After a week of welcome distraction provided by the local elections, it's with a heavy heart that I return to the car-crash-horror of sickness and disability benefit reform.
The Guardian today, are running a story claiming that jobcentre staff have been issued with 6-point guidelines on how to deal with suicide threats as the sickness and disability benefit squeeze continues to be rolled out across the country.
A concerned senior jobcentre employee with over 20 years experience sent the internal document to the Guardian with a covering letter explaining that:
"Absolutely nobody has ever seen this guidance before, leading staff to believe it has been put together ahead of the incapacity benefit and disability living allowance cuts"
According to the Guardian:
"Another jobcentre adviser said: "People have been coming off sickness benefits and thrown onto jobseekers allowance. It's problematic because some of the customers are clearly not fit to work, and they are clearly very distressed."
I wrote about the issue of suicide on my blog some time ago. Many campaigners have been worried for some time at the regularity and seriousness of comments made about planned suicide attempts. It is a terribly sensitive area and one that should be dealt with without a trace of scaremongering. However, we read very matter-of-fact, detailed plans from supporters who state that they are considering taking their own lives on a daily basis and our concern has grown by the week.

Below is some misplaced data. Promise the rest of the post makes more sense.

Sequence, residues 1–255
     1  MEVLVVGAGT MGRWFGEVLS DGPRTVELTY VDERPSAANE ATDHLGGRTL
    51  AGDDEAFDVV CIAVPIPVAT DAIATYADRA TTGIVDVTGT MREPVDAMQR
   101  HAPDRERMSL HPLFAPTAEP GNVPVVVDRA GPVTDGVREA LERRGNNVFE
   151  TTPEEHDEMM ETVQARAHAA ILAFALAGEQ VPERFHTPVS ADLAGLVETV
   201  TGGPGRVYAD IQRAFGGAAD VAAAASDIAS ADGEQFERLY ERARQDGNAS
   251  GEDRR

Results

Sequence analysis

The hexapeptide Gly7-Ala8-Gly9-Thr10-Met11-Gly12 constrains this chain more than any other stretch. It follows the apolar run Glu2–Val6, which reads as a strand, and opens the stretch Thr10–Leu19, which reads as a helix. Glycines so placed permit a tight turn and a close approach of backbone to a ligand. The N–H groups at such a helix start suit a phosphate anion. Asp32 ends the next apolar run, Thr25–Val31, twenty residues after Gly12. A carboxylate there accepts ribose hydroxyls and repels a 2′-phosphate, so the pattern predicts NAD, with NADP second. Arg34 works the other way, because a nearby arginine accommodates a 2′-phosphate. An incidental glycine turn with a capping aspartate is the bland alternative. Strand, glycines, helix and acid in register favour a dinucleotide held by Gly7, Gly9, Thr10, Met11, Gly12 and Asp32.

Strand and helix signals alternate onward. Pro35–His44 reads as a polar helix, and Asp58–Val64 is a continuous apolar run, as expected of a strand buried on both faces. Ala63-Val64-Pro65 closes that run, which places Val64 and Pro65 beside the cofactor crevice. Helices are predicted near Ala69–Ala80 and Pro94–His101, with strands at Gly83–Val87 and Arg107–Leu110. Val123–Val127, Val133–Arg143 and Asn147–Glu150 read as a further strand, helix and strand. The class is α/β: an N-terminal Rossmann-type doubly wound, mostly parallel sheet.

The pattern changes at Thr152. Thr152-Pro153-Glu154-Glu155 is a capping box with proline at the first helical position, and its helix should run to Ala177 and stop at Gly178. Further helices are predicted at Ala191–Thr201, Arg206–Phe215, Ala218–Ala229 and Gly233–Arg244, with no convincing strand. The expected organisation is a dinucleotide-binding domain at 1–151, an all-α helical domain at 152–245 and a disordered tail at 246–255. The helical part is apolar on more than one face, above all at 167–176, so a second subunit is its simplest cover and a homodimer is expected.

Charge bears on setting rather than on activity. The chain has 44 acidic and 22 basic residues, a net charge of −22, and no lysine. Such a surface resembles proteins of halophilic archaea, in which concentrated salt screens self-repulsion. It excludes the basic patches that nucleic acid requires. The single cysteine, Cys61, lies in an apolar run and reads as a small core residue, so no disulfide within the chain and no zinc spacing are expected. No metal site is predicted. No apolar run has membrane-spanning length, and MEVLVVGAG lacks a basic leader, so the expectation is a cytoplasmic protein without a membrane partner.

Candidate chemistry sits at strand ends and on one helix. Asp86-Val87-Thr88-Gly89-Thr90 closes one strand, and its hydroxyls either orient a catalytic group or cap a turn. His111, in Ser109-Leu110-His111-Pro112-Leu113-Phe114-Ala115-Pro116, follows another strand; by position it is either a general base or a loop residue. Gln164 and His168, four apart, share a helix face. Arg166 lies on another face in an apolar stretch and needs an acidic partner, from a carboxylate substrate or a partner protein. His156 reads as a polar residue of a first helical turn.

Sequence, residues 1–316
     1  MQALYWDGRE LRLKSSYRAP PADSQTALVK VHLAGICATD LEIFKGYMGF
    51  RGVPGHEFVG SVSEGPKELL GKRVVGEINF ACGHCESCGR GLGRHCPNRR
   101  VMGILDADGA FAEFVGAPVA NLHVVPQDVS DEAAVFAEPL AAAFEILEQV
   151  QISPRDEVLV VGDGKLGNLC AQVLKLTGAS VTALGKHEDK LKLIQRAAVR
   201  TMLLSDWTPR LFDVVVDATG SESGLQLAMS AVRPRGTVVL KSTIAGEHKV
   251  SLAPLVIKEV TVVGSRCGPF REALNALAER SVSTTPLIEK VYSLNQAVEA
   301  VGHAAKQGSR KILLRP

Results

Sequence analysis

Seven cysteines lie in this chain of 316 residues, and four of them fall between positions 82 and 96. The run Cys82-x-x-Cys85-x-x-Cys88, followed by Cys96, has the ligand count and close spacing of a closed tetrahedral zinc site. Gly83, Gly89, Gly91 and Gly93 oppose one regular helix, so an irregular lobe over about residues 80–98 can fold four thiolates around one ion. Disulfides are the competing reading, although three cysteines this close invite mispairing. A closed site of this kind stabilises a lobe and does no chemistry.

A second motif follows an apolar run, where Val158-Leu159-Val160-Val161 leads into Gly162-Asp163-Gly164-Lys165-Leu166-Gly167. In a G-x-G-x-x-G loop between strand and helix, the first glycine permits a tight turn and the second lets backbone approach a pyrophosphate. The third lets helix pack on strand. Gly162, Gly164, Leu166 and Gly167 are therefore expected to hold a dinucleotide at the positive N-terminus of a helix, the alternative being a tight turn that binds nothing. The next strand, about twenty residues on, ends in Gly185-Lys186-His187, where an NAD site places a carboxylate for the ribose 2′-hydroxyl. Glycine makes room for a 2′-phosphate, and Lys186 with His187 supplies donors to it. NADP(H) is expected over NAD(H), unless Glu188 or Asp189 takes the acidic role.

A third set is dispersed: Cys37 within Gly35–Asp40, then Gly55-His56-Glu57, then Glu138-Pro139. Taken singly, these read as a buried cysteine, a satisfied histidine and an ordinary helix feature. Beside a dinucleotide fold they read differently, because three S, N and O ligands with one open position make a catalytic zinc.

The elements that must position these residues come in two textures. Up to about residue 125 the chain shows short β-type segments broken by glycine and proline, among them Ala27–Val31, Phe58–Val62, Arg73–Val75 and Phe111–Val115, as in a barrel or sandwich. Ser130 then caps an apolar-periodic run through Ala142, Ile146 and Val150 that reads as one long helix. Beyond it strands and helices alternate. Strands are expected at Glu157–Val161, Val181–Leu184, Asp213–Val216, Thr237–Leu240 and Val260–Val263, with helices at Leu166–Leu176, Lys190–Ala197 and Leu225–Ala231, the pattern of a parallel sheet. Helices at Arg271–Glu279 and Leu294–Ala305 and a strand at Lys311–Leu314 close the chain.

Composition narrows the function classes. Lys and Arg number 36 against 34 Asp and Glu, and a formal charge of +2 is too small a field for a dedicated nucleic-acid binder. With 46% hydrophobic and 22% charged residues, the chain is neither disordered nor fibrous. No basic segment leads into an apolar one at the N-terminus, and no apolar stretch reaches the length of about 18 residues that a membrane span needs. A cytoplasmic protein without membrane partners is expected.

As I researched the issue, I found that, in fact, the government keep no records at all on how many people from this most vulnerable of groups already commit suicide. Those living in pain or depression, exhaustion or despair clearly face heavier burdens than more able citizens. Any scheme that aims to radically reduce the number of people receiving some kind of state support to this group ought surely to know what risk there is of increasing the chance of suicide?
Studies from America and charity groups seem to indicate that in fact, this group is at least 4 times more likely to commit suicide than healthy or non-disabled people with the figure rising to 8 times more likely if the condition involves symptoms such as severe head pain or mental illness. Remember, this is before the enormous pressure currently being heaped on claimants has even come into effect.
A few weeks ago, a fellow campaigner called me in tears. She'd received yet another email from a supporter detailing very clear plans to take their own life. Not only had the person made their mind up, but they knew exactly what they intended to do. The person stated that they would take her own life in a very public place. Their only hope left was that by doing so it would stop our country from sleep-walking into this misguided disaster. The sender of the email hoped that people would wake up to what was going on and even appealed for others to join them.
To those who say it is insensitive to discuss this, I say : Read my emails for a week or two. Read the comments left on my blog and others. If people are willing to discuss ending their own lives so clearly on public forums, it is our duty to listen and act.
If the article in the Guardian is true, then our government must be perfectly aware that benefit changes are causing such distress that people are thinking of taking their own lives - some are already doing so.
The shame we should all feel must make us act. Now. Before it is too late.
**If anyone needs any support at all over these issues or simply needs to talk things through, please contact http://www.samaritans.org/